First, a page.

# Bayesian posterior with truncated normal prior

Suppose we observe one draw from the random variable $X$, which is distributed with normal distribution $\mathcal{N}(\mu,\sigma^2)$. The variance $\sigma^2$ is known, $\mu$ isn’t. We want to estimate $\mu$.

Suppose further that the prior distribution is given by truncated normal distribution $\mathcal{N}(\mu_0,\sigma^2_0,t)$, i.e., density $f(\mu)=c/\sigma \phi((\mu-\mu_0)/\sigma_0)$ if $\mu<t$, and $f(\mu)=0$ otherwise, where $t>\mu$ and $c$ is a normalizing constant. (Interpretation: we get noisy signals about $\mu$, which are known to be normally distributed with known variance—this is the draw of $X$. But we have prior knowledge that values $\mu\ge t$ are not possible.)

In this setup, is the resulting posterior a truncated normal distribution (truncated at $t$ like the prior)? I tried to adapt the derivation of the posterior for the well known conjugate normal pair (e.g., here and here), and it seems to work. Do you see any mistake in this derivation?

The likelihood function is given by
$$f(x|\mu)=\frac{1}{\sigma\sqrt{2\pi}} \exp\left\{-\frac{(x-\mu)^2}{2\sigma^2} \right\}$$
The prior density is ($\Phi(.)$ is the cdf of the standard normal distribution)
$$f(\mu)=\begin{cases} \frac{1}{\sigma_0\sqrt{2\pi}\Phi((t-\mu_0)/\sigma_0)} \exp\left\{-\frac{(\mu-\mu_0)^2}{2\sigma_0^2} \right\} &\text{ if } \mu\le t \\ 0 & \text{else}. \end{cases}$$
The prior density can be rewritten as
$$f(\mu)=c \phi((\mu-\mu_0)/\sigma_0)\mathbf{1}\{\mu<t\},$$
where $c$ is the normalizing constant (independent of $\mu$, but dependent on $t$). Now, by Bayes’ rule,

f(\mu|x)\propto f(x|\mu) f(\mu)\propto\exp\left\{-\frac{(x-\mu)^2}{2\sigma^2} \right\} \exp\left\{-\frac{(\mu-\mu_0)^2}{2\sigma_0^2} \right\}\mathbf{1}\{\mu<t\} \\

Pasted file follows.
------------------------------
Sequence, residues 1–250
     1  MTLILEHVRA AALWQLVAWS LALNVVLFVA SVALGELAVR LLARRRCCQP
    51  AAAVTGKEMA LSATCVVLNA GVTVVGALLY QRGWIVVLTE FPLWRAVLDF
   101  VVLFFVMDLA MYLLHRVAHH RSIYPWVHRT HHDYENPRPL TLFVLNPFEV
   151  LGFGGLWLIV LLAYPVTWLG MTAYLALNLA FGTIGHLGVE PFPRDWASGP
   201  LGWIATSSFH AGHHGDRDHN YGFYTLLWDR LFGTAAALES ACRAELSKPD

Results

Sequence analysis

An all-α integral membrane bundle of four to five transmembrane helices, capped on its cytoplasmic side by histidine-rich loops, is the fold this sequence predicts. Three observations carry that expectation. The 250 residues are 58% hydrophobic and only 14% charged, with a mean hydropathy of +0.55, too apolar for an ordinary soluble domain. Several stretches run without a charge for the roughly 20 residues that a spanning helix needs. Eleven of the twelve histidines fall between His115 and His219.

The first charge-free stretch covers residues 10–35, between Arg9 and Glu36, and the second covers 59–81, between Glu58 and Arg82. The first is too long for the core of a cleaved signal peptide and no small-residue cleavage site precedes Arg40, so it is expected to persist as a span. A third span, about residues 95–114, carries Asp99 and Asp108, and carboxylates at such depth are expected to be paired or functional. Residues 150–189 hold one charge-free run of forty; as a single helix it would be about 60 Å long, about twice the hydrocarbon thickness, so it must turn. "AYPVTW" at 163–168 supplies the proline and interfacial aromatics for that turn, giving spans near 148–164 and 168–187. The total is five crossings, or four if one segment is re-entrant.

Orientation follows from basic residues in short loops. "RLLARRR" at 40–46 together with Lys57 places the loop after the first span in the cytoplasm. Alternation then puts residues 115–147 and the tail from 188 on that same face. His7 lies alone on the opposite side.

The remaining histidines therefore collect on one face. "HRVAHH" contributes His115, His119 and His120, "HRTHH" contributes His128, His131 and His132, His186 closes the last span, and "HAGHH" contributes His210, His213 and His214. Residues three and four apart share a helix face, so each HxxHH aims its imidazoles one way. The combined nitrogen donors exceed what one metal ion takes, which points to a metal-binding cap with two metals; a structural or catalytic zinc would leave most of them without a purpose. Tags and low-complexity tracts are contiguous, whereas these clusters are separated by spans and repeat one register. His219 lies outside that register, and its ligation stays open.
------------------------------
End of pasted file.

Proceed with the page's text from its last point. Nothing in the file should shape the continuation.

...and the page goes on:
=\exp\left\{-\frac{(x-\mu)^2}{2\sigma^2} -\frac{(\mu-\mu_0)^2}{2\sigma_0^2} \right\}\mathbf{1}\{\mu<t\}\\
\propto \exp\left\{-\frac{1}{2\sigma^2\sigma_0^2/(\sigma^2+\sigma_0^2)} \left(\mu-\frac{\sigma^2\mu_0+\sigma_0^2 x}{\sigma^2+\sigma_0^2}\right)^2 \right\}\mathbf{1}\{\mu<t\}.

This is the kernel of the normal distribution with the usual mean and variance (as if we had done the derivation for an untruncated prior), but truncated at $t$ and above. In other words, ignoring the truncation in the prior distribution, using the usual learning rule for the conjugate normal pair, and then applying the truncation gives the same result as the derivation above (assuming it is correct). Is it correct? All I do is add the indicator function (and adapt the normalizing constant), does that introduce problems somewhere?

#### Solutions Collecting From Web of "Bayesian posterior with truncated normal prior"

$$f(\mu|x)\propto f(x|\mu) f(\mu)$$
Now suppose I came along and set a region of $f(\mu)$ to zero and scaled it by $c$ to renormalize it. For points of $\mu$ where it was not set to zero, the right-hand side of the above equation is the same except that we have to change $f(\mu) \to c f(\mu)$. Therefore, the left-hand side is also just scaled by $c$, but retains the exact shape of a normal distribution. So we end up with a scaled normal distribution, except of course for points where $f(\mu)$ is zero and the left hand side is also zero.
The new density is again truncated normal at $t$ with new parameters $\frac{\sigma^2\mu_0+\sigma_0^2 x}{\sigma^2+\sigma_0^2},\sigma^2\sigma_0^2/(\sigma^2+\sigma_0^2)$. The new normalising constant is $$\Phi\left( \frac{t-\frac{\sigma^2\mu_0+\sigma_0^2 x}{\sigma^2+\sigma_0^2}}{\sigma^2\sigma_0^2/(\sigma^2+\sigma_0^2)}\right )$$
It would be nice to study these posteriors for a fixed $t$ and different values of the prior parameters.